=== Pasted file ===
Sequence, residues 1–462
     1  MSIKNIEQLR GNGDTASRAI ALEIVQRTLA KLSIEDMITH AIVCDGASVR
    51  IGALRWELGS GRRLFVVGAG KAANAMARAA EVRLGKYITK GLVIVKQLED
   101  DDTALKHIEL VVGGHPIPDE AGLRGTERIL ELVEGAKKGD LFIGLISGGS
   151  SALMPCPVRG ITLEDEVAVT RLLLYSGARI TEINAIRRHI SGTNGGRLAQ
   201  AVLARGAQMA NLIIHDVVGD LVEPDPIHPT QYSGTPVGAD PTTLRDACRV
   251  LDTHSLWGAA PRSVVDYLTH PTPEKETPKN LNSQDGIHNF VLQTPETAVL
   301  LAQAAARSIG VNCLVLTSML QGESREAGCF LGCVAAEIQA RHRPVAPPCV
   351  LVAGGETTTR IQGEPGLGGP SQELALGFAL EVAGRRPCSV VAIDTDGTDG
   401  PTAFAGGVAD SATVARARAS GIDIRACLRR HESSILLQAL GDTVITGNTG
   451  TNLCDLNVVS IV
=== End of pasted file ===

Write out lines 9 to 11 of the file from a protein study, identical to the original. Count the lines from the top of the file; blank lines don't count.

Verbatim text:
   351  LVAGGETTTR IQGEPGLGGP SQELALGFAL EVAGRRPCSV VAIDTDGTDG
   401  PTAFAGGVAD SATVARARAS GIDIRACLRR HESSILLQAL GDTVITGNTG
   451  TNLCDLNVVS IV